We need not even speak of the poetic justice of Mitt Romney's final share of the popular vote likely being 47%.   But considering the consequences of electing him and fellow GOPers is inevitable even while viewing the consequences of the positive outcome.  For example, President Obama's southeast Asia trip, and his successful gaining of a cease fire in the Middle East, with the important assistance of Secretary Clinton.  President Obama is pursuing a forward-looking Pacific strategy that has vast potential for American benefits for decades to come.  No GOPer these days seems to have any conception of a forward-looking foreign policy.  They don't even approach a sane one.  Mitt Romney and Ryan were together the least experienced, least interested and most incompetent candidates in history on foreign policy and diplomacy.  It should be shocking, and maybe, judging by the election returns, it was.

As details about the election continue to come out, we can become even more thankful for the volunteers and the staff of the Obama campaign that worked so hard and so well for so long. And again, as GOPers in several states push even more voter suppression, we can be thankful for those who stubbornly stood in line for hours to make sure their votes counted.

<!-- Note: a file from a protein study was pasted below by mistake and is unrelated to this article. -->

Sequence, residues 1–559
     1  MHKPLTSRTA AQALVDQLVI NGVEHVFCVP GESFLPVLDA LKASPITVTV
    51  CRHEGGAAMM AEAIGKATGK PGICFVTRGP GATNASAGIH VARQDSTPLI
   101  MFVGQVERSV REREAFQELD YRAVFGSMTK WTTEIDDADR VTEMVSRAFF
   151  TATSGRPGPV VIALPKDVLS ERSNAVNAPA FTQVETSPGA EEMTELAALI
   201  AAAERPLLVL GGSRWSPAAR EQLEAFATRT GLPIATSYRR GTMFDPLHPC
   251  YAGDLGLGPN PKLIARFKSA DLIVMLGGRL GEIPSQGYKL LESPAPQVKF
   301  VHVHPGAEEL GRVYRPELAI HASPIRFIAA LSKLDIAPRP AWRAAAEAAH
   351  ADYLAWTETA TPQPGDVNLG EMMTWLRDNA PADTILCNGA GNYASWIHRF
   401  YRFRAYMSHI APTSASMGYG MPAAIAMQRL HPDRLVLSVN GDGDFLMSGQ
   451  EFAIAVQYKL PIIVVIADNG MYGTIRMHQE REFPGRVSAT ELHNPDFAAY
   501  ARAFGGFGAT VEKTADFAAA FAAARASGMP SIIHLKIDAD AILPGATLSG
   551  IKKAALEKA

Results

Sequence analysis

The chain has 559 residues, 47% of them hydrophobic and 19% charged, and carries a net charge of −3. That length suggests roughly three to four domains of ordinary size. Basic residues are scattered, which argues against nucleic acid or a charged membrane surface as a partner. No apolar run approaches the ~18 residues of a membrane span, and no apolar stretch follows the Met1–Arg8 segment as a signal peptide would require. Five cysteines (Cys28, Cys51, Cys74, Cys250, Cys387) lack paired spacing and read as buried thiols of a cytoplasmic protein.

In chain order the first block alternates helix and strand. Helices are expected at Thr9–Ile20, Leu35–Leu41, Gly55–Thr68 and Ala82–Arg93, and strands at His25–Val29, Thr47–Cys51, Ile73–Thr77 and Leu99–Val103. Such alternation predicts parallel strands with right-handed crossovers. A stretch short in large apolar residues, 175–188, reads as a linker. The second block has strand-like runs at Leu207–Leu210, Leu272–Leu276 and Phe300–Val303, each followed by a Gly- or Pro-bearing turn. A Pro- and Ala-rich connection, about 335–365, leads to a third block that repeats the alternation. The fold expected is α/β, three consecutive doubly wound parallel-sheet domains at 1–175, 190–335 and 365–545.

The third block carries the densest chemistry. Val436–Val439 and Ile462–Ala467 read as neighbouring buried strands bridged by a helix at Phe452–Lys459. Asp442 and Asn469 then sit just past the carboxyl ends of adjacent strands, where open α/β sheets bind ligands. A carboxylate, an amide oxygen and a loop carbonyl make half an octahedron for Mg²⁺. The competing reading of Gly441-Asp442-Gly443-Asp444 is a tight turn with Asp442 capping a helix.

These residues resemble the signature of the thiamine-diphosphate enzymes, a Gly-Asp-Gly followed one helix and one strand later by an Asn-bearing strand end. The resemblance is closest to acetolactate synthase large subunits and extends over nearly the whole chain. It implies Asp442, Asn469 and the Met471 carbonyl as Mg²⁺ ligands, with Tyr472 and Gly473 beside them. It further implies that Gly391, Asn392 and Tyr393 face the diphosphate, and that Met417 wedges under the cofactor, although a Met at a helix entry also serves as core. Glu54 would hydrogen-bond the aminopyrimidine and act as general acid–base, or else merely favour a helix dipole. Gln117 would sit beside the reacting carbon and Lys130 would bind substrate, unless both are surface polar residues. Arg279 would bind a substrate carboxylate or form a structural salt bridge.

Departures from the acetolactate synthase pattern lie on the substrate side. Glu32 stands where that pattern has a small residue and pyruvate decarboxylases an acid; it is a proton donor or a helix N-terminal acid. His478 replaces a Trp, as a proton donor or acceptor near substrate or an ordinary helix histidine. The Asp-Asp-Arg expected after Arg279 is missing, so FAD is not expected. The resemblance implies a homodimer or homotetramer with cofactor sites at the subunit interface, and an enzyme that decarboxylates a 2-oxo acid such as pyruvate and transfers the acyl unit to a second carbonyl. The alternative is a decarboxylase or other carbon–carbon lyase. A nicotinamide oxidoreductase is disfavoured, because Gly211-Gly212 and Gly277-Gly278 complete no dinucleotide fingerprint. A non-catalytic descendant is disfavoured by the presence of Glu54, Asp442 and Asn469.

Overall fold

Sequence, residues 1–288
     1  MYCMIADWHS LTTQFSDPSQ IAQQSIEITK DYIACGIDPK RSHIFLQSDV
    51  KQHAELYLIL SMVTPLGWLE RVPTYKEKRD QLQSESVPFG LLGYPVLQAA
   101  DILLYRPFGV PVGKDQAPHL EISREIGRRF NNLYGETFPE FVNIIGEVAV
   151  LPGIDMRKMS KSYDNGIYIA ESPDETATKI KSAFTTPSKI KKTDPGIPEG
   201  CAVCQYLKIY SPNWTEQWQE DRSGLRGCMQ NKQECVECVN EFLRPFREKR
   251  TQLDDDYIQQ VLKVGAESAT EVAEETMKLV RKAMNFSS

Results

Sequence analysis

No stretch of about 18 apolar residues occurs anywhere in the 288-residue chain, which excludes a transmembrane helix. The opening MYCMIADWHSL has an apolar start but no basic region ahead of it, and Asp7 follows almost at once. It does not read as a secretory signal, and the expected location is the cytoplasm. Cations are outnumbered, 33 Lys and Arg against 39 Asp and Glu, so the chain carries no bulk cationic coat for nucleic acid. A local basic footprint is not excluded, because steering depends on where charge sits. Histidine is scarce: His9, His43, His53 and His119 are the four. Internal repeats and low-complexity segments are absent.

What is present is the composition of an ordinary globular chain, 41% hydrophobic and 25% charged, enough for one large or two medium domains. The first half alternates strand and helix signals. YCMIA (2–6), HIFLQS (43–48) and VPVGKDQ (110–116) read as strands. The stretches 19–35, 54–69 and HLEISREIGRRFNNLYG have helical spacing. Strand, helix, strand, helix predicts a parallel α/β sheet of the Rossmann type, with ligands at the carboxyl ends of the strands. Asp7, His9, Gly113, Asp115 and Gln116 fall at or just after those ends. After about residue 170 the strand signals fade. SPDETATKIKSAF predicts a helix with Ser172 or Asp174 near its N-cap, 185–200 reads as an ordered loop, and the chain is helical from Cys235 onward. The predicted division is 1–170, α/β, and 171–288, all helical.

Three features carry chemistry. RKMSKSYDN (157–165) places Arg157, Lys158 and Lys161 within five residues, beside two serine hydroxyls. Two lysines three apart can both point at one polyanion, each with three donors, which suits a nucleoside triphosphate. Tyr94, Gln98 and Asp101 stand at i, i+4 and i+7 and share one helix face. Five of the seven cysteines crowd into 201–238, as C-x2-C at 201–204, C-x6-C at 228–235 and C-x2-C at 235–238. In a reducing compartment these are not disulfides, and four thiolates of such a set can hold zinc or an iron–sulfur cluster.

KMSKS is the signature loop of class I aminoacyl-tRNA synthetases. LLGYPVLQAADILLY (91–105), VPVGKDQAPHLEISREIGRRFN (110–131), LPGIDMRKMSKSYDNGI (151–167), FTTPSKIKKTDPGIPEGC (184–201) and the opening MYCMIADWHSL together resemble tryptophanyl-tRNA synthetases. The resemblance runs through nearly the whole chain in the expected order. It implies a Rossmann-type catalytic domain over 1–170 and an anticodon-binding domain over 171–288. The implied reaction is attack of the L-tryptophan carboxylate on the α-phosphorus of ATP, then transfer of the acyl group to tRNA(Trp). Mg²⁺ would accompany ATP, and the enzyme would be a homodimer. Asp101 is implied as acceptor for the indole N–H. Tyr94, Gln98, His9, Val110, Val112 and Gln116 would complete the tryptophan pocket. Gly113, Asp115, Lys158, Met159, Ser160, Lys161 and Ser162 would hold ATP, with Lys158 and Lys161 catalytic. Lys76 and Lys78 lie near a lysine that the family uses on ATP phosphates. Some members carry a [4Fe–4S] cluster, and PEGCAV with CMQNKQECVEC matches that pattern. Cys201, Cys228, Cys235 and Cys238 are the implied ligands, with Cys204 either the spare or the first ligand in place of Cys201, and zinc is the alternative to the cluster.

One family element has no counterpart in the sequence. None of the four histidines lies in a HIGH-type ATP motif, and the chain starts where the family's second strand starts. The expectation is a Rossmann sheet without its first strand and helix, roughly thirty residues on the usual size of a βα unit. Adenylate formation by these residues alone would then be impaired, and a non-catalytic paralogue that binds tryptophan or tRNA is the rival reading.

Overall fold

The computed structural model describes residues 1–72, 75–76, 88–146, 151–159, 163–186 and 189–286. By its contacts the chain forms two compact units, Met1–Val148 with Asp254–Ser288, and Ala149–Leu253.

I'm still a little wary of the talk about amity in Washington and the new weakness of the GOP--we heard it all right after the 2008 election.  Then came 2010, and soon comes 2014.  But maybe the mood has changed.  It's one thing to give a brand new President a vote of confidence in approval ratings, etc.  But it's something more to boost a reelected President's approval rate (to 58%), and to have more confidence in his leadership (and his party) to solve pressing problems by a wide margin, as evidenced in other recent polls.

The country is perhaps ready to treat this President as their President, more openly than before.  That photo above, for instance, is the most shared photo in the history of Twitter, and the most liked photo in the history of Facebook.  Not long histories exactly, but that's overcoming some big, big numbers.

But this President very deliberately campaigned on a philosophy and a set of policies, so they won, too. There has never quite been as stark a choice before.  In terms of general issues like fact-based science, womens rights over their bodies, equal rights, against growing income inequality, for universal health care, etc.--the future was affirmed.  A diverse American community was affirmed--even slightly in advance of true demographic equality. 

And so, perhaps most appropriately to the holiday, let's note that compassion won.  "We're all in this together" won.  "You'd do the same for me" won.